The Importance of Compaction – The process of compaction in pavement and subgrade material is a method of mechanically induced stress applied repetitiously to achieve a desired density to promote both short and long term performance.

The basic concept for compaction is to ‘work’ the material to remove effectively remove air voids resulting from the loosely placed material until achieving a relative compaction of soil.

From a technical perspective, the resulting design thickness of a pavement is relative to the nominal compaction standards adopted for each material, i.e. where a CBR 80% material is used as a base course, it is so on the provision that the testing compaction meets compaction during construction. If this level of compaction cannot be achieved, it can pose significant risk to short term and long term performance on the basis of the following:

  1. Increased permeability – A lack of compaction can accelerate the pavement deterioration on the basis of increased permeability from moisture ingress. It can also attribute to greater capillary rise moisture movement.
  2. Consolidation potential – A particular problem in fine-grained cohesive soils the repetitious wheel loading can result in the voids being ‘squeezed’ out of the material which can be worsened if excessive moisture is present.
  3. Strength – As outlined above, the characteristic strength of a material is determined by testing undertaken at a nominal compaction, if this compaction isn’t achieved, it is likely that it will result in a reduced bearing capacity

The methods of determining the insitu compaction at the time of construction vary between materials, however generally follow a similar concept.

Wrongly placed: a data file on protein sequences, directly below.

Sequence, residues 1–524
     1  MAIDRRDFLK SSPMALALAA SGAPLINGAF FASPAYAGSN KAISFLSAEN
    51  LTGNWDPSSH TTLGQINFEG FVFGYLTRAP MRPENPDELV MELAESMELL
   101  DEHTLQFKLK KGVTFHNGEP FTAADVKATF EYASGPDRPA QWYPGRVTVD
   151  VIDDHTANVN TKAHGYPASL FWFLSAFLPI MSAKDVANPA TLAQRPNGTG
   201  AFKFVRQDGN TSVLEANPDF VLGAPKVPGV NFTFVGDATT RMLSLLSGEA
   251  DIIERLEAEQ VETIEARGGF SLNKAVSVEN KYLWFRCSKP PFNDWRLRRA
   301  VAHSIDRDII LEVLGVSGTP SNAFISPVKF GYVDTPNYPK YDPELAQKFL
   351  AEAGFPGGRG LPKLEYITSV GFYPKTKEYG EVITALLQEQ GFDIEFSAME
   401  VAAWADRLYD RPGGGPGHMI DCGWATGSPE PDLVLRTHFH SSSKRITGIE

As constructed compaction is typically determined by a compaction test, using one of two methods:

  1. Sand Replacement Test – the removal of a test specimen from the compacted area followed by the replacement of fine grained sand. Effectively calculating the volume of sand replaced. The mass of the sample is then weighed in a laboratory environment to calculate the density. The level of compaction is subsequently measured from the ratio of the insitu density to the maximum dry density of the material – typically only used on granular material and soils.
  1. Nuclear Density Test – Emits and receives gamma radiation (using both direct transition and back-scatter methods) to determine the insitu density and moisture content using count data. This data is then correlated against the calibrated ‘standard density block’ in which a relative compaction is determined – can be used on a range of unbound and bound materials.

Given the importance of compaction in road building, suitable compaction methods and plant should be employed with consideration given to the specific nature of the material.

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